Deadline approaches to vote for or against Tuscan Water District Some TWD residents say they had no chance to become board candidates

Landowners in the proposed Tuscan Water District received this ballot in the mail.

by Leslie Layton
posted Sept. 16

Ballots on whether to form the Tuscan Water District (TWD) in northwestern Butte County have been mailed to landowners — without any argument opposing a formation. The proposed district was the subject of debate for hours at public meetings earlier this year.

Only an argument in favor of formation of TWD -– which will have a landowner-based voting structure that will give the largest enterprises thousands of votes -– appears on the ballot that must be postmarked by Sept. 20. The ballot asks, with a single question, whether TWD should be approved with an annual parcel assessment of up to $10 per acre. Landowning voters can also choose nine people for the board of directors from a list of 11 candidates, most of whom are known already as TWD proponents. read more

Chico Unified faces staffing and fatigue issues Inflation will raise District costs, but state funding may reach a high

This CUSD general fund graph compares projected cash flow for the coming academic year (red-dotted line) with the two previous years.

by Natalie Hanson
posted Aug. 1

Chico Unified School District is struggling to solve the staffing and fatigue problems plaguing schools across the nation — even with its coffers well-funded for the coming academic year.

Chico Unified Teachers Association President Kevin Moretti said teachers have been aided by smaller class sizes, block schedules at the high schools and more aides “when we can find them.”

However, new funding may not necessarily solve all staffing problems. Like many school districts across the country, Chico Unified has seen an increase in retirements and resignations during the pandemic. The district has raised the wages for lower-paid positions that are at a premium, like classroom aides and bus drivers. read more

CUSD plans take shape to address achievement gaps Equity leadership funding in question

photo by Leslie Layton
Parents demonstrate for equity outside a Board of Education meeting after the suspension of Rosedale equity lead Joana Campos Castañeda.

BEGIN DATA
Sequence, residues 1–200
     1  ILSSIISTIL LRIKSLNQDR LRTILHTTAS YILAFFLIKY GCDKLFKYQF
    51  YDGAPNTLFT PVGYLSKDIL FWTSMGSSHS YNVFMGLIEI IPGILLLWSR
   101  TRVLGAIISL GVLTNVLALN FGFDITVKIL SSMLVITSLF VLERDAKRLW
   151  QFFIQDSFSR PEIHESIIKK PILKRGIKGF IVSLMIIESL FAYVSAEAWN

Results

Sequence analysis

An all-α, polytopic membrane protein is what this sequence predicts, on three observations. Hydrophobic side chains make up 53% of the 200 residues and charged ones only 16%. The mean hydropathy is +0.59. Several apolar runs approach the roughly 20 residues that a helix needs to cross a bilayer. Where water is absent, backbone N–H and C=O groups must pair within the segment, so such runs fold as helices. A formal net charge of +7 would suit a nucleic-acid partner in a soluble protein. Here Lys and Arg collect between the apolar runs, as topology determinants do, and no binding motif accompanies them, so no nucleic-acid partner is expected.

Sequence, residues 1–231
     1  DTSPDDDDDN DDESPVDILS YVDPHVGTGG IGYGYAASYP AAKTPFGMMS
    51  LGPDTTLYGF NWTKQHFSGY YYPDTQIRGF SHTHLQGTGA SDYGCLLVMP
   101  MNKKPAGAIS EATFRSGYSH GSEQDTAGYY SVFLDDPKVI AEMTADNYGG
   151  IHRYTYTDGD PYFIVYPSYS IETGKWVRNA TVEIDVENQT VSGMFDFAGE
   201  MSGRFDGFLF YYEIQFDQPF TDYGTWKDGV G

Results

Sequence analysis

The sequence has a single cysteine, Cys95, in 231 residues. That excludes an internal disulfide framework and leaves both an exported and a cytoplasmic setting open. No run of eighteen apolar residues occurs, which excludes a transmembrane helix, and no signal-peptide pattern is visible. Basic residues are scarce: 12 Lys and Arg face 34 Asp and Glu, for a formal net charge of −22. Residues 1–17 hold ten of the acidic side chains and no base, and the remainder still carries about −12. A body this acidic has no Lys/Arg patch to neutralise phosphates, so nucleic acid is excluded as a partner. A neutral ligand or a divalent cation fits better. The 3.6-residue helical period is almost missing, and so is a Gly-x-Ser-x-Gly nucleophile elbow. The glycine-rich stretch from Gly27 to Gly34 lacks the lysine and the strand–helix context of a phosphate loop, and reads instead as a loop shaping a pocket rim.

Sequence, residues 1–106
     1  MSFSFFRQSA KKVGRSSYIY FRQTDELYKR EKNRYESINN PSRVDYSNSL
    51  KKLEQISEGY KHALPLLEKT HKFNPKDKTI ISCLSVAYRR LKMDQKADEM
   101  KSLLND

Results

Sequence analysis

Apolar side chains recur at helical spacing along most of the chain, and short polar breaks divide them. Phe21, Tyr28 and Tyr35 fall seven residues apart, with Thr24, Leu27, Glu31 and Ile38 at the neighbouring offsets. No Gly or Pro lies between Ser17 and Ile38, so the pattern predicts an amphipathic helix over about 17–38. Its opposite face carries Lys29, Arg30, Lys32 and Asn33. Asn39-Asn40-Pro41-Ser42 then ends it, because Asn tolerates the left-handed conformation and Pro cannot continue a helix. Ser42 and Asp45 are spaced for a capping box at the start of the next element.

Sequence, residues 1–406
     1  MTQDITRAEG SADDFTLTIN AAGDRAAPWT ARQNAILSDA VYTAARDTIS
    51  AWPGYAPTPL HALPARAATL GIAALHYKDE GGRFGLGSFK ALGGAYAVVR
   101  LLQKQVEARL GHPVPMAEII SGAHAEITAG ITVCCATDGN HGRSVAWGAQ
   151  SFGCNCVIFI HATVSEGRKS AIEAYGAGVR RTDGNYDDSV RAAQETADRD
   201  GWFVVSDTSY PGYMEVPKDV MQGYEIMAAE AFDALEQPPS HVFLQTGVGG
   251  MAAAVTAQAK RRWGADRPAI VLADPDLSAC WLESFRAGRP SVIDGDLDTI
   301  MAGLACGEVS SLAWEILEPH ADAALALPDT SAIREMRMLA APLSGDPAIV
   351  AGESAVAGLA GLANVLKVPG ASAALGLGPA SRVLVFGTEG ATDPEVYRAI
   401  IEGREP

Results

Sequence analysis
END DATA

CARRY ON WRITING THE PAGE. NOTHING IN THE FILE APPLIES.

by Natalie Hanson
posted Aug. 2

While Chico Unified’s school board finalizes a budget for the coming year, it also has approved a plan for using state funds to address academic achievement gaps.

Parents and educators, however, said as recently as school board meetings in late June that their requests for improving the district’s approach to equity for all students have gone unanswered.

The board approved an adjusted plan for the 2021-2022 academic year to address gaps in reading and writing among students of color, particularly English learners, at all grade levels, as part of the Local Control Accountability Plan process. (The LCAP involves the district’s plan for using state funding to identify areas of need and tackle learning obstacles.) The school board agreed to designate a so-called “equity lead” on every campus to handle diversity events and discussions. read more

The tracks of our tears Attending 'Memorial for the Fallen' for victims of police killings

photo by Karen Laslo
At left, Gabriel Sanchez is now 17 and was only 10 when his father, Eddie Gabriel ‘Gabe’ Sanchez, was killed by Chico police. At right is Gabe Sanchez’s stepmother, Sheryl Sanchez.

by George Gold
guest commentary July 24

While this great Smokey Robinson song isn’t directly related to the event held yesterday honoring some of the precious lives lost at the hands of the Chico Police Department, there were tears in the room as we listened to the parents, uncles, brothers and sisters tell stories of people who should be alive today.

If we could just get our police to grow some humanity and some skills in how to de-escalate difficult interactions between police and our neighbors, we might see some progress. read more

Saturday event recalls people killed by police Memorial brings 7 families together on fifth anniversary of Tyler Rushing’s death

Paula Rushing with her late son Tyler

by Dave Waddell
posted July 21

The year was 1976 and Paula Staben from Santa Paula was a senior child development major at Chico State. She lived off campus at Gordon Hall, an “all-girls dormitory.” As that year’s activities director for Alpha Chi, Paula frequented the sorority’s distinctive yellow house at the corner of Fourth and Orient streets. There, she coordinated events such as theme dinners and movie nights.

Paula completed her bachelor’s degree, returned to Ventura County, and married Scott Rushing, a real estate broker and property manager. She became mom to Tyler and, a couple of years later, to Hillary. She directed a preschool. She launched a 17-year public school teaching career after her children went off to school. read more

Disinformation dampens enthusiasm for Covid vaccinations In Butte County, misinformation appears to affect case rates

This graph from Butte County Public Health’s Covid page shows the comparatively low vaccination rate as cases surged nationwide in recent months.

by Natalie Hanson
posted July 7

As California assesses the lasting impacts of the coronavirus pandemic, public health experts say they are concerned about managing future health emergencies after battling a disinformation crisis.

For the last two years, county public health departments have been tasked to respond to a pandemic unlike anything seen in decades. As guidance from the California Public Health Department and the Centers for Disease Control and Prevention (CDC) for managing local crises shifted weekly, local departments like Butte County’s faced an enormous task of keeping the public informed using rapidly changing methods, including Facebook and YouTube – with mixed results. read more